"Civil War" & Where's Zarqawi?
Sectatian violence does not a civil war make, and has anyone heard from Zarqawi lately?
As further sectarian violence surfaces in Iraq, the predictions of civil war increase. Over the past few days, scores of bodies have been uncovered in the Baghdad area, many showing signs of torture and execution-styled murders. In an attempt to improve the standing of the Iraqi Police, an agreement has been struck for the Iraqi Army and police forces to conduct joint operations. This is a clear indication the Interior Ministry is under pressure to clean up its police forces, as well as an admission that the Iraqi Army is viewed in a far better light by the Iraqi people than the police forces.
But sectarian violence, while a troubling and a destabilizing development, does not equate to civil war. Many established democracies are rife with sectarian strife, including India, the Philippines and Indonesia. This isn't intended to excuse the killings in Iraq, but it should be understood that there are very real problems throughout the world in established democratic countries. al Qaeda is attempting to stir up sectarian violence and create the conditions for a civil war, but the political process, while frustratingly slow, is moving forward and the Iraqi Army and police forces, while far from perfect, have not cracked.
While the focus is on the sectarian strife in the major population centers, a real civil war is occurring inside Iraq - between al Qaeda and their erstwhile Sunni allies. A representative from the newly created "Anbar Revenge Brigade" claims to have killed "20 foreign fighters and 33 Iraqi sympathizers," including "a number of the Arabs including Saudis, Egyptians, Syrians, Kuwaitis and Jordanians." Unlike prior inflated claims, these numbers should be considered reasonable. Strategy Page reports numerous sensitive al Qaeda documents have been found, including a "death list" and "many of the names on the list are of Sunni tribal and religious leaders who have been less than enthusiastic in their support for al Qaeda. Sadly, a number of those on the list have already been slain." It is these tactics which have spurred the creation of the Anbar Revenge Brigade.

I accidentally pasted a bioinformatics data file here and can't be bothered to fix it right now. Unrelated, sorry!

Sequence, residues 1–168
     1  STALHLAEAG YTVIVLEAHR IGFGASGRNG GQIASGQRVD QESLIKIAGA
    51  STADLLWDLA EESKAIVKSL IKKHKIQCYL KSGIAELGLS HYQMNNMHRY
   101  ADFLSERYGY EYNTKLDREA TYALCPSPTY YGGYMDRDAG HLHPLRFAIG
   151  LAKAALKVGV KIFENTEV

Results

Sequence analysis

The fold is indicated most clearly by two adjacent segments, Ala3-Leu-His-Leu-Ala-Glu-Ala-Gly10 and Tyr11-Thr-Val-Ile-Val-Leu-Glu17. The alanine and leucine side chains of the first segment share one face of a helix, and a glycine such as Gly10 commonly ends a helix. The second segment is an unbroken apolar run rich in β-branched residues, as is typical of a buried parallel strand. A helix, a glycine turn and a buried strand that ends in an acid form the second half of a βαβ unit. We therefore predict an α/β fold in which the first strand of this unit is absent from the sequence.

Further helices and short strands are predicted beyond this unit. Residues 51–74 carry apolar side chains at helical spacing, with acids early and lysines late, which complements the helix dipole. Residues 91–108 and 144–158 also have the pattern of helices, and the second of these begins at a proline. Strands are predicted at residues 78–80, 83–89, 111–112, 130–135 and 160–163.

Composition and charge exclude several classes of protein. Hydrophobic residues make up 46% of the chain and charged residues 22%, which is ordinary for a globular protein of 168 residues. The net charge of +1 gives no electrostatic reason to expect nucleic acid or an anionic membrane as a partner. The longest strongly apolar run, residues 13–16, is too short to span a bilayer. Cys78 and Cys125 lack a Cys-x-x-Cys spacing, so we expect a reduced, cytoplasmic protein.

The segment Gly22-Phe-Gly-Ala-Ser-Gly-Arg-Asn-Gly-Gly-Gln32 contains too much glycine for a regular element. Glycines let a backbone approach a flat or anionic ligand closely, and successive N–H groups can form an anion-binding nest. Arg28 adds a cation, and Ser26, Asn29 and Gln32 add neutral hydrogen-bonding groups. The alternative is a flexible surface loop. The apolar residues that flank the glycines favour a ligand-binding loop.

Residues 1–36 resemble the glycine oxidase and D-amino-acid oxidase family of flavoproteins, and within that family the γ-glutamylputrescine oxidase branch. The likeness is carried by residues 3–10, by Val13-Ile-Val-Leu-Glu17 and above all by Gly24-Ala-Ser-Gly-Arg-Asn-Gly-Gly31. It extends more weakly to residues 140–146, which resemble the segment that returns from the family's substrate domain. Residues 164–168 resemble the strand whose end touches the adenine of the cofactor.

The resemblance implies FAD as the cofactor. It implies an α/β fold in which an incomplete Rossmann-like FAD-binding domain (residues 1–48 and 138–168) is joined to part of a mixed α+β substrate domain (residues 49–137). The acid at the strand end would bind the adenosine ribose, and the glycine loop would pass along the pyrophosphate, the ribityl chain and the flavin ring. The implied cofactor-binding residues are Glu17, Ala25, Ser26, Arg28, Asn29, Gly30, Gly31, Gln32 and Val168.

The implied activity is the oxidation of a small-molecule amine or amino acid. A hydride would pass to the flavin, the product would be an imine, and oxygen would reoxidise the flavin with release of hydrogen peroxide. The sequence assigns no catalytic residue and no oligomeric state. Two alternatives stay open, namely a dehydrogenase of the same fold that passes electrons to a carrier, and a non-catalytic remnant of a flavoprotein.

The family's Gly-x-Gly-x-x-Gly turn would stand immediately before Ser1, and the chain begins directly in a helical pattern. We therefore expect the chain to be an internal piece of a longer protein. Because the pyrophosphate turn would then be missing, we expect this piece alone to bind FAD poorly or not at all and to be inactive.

In the atmosphere of open warfare between al Qaeda and the Sunnis, questions are beginning to arise about the whereabouts of Abu Musab al-Zarqawi. SITE Institute's Rita Katz notes that since the Mujahideen Shura Council was formed in Iraq last month, Zarqawi has been virtually silent; "A few days after the council was established, Al Qaeda in Iraq ceased to post communiqués. Abu Maysarah temporarily signed the new council's communiqués, but then he, too, stopped. The baffled jihadi community initially believed that Zarqawi headed the new council. But on Jan. 20, the council posted a communiqué crowning its emir: Abdullah Rashid al-Baghdadi." It appears the Sheikh of Slaughters is no longer a welcome face in Iraq.
Ms. Katz further postulates Zarqawi's departure was spurred on by Zawahri's letter to Zarqawi to "Iraqify" the jihad and continue the plan to expand al Qaeda's operations into the Levant (Syria, Lebanon, Jordan and Israel). There's one problem with this: al Qaeda believed it was vital to establish a rump Islamist state in Western Iraq as a base of operations, but has failed to do so. Zawahiri was quite clear in his letter to Zarqawi as to the gameplan (which also coincides with al Qaeda operations chief Saif al-Adel's vision of jihad in the Middle East):
The first stage: Expel the Americans from Iraq.
The second stage: Establish an Islamic authority or amirate, then develop it and support it until it achieves the level of a caliphate- over as much territory as you can to spread its power in Iraq, i.e., in Sunni areas, is in order to fill the void stemming from the departure of the Americans, immediately upon their exit and before un-Islamic forces attempt to fill this void, whether those whom the Americans will leave behind them, or those among the un-Islamic forces who will try to jump at taking power.
The third stage: Extend the jihad wave to the secular countries neighboring Iraq.
The fourth stage: It may coincide with what came before: the clash with Israel, because Israel was established only to challenge any new Islamic entity.
It seems al Qaeda has not been greated with flowers and parades, and their plans are in disarray. The fact is al Qaeda has not expelled the Americans from Iraq, and their attempt at creating an "Islamic authority or amirate" was crushed in Anbar province during the summer and fall of 2005. News of al Qaeda's flight from Iraq is nothing new (we discussed this in January); Zarqawi's absence and the creation of the Mujahideen Shura Council provides some supporting evidence. If true, this does indicate the troubles al Qaeda is encountering in Iraq. If al Qaeda is exiting the theater which Zawahiri himself refers to as "the place for the greatest battle of Islam in this era" prior to achieving its goals, this is a tacit admission of failure. al Qaeda's desire to create chaos and draw Iraqi into civil war should be understood in that context - as an act of desperation.